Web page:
back to top

Brothels In Nevada Aren't Doing Very Well

Rising fuel costs, a sluggish economy, and the internet are all threatening Nevada's "houses of ill fame." Most Nevadans say they believe brothels should be legal in their state.

Posted on

Nevada's brothels are facing extinction thanks to the poor economy, rising fuel costs that affect truckers who solicit brothels, and the growing popularity of using the internet to arrange liaisons with prostitutes.

Flint said brothels usually attracted 400,000 clients a year before the recession, but those figures have dropped, and many women have started going to work for themselves, illegally.

"Look in the phone book, there are what, 100 pages for nude dancers who'll come to your hotel room? The big hotels have their own girls. The strip clubs have upstairs rooms. You have a variety of different levels of prostitution in Vegas," he said.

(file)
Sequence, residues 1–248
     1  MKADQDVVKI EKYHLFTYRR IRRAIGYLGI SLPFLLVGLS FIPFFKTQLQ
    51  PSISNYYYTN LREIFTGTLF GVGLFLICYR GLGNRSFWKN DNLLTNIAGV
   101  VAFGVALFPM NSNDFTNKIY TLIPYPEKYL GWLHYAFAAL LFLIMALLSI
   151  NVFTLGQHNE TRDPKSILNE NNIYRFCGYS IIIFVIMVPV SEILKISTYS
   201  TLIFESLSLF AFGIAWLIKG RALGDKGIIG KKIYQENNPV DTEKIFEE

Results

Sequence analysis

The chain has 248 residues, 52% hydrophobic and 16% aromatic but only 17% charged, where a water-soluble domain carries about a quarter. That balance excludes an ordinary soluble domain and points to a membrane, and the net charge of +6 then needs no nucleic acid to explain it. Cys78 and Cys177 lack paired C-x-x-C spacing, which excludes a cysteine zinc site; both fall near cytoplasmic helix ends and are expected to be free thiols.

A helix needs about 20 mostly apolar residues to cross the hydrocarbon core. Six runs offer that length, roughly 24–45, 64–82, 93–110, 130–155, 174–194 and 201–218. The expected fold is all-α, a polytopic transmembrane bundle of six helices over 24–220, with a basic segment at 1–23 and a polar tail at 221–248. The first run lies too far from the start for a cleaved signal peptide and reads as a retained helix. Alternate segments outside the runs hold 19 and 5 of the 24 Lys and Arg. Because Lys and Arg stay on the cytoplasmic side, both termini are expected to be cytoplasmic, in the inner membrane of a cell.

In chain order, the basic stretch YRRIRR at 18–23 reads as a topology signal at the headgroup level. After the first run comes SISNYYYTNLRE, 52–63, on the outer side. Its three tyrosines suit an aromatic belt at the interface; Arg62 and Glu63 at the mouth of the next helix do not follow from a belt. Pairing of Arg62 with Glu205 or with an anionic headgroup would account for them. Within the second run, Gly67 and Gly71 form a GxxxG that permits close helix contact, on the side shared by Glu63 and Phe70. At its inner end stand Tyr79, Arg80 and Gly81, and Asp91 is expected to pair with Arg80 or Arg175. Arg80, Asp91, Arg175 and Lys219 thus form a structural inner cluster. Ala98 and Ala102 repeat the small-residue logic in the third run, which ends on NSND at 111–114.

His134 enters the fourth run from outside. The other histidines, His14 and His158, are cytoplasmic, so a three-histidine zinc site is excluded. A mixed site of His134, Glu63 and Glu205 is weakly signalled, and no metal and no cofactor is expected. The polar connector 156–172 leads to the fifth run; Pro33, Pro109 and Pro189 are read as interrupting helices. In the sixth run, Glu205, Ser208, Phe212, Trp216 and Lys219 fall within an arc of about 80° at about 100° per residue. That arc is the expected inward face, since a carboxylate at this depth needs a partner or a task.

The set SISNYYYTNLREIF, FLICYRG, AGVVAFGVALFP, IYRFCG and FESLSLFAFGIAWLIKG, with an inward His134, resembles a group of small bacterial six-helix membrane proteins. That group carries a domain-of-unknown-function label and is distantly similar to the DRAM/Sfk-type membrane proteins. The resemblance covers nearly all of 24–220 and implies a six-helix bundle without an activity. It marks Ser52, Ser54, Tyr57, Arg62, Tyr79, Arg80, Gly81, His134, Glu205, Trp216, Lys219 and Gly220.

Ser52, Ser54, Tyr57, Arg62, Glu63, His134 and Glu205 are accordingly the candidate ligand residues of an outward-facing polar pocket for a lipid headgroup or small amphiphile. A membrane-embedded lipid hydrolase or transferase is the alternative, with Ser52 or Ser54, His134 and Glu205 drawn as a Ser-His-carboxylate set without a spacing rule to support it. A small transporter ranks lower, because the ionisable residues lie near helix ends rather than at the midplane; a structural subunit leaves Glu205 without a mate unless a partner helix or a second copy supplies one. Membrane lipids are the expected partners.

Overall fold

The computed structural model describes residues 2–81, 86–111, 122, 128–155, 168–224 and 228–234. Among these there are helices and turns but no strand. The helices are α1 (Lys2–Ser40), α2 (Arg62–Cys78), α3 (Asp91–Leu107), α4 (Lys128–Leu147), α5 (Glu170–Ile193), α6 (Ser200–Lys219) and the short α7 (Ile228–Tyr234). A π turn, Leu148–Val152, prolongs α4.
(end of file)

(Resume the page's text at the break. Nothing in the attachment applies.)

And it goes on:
Nevada law allows brothels, or "houses of ill fame," to exist if they are more than 400 yards from schools and houses of worship. They are not legal in Clark County, where Las Vegas is located.

Those who work in prostitution face the possibility of disease and violence. Legal brothels are safer, Flint argues, pointing to the fact no woman has tested positive for HIV in a brothel since he began working in 1987, he said.

Brothels were introduced to Nevada during the mid-1800s silver-mining boom. In May, a state legislator proposed an 8% sales tax on brothels and other forms of live entertainment.

Contact Hunter Schwarz at

Got a confidential tip? Submit it here.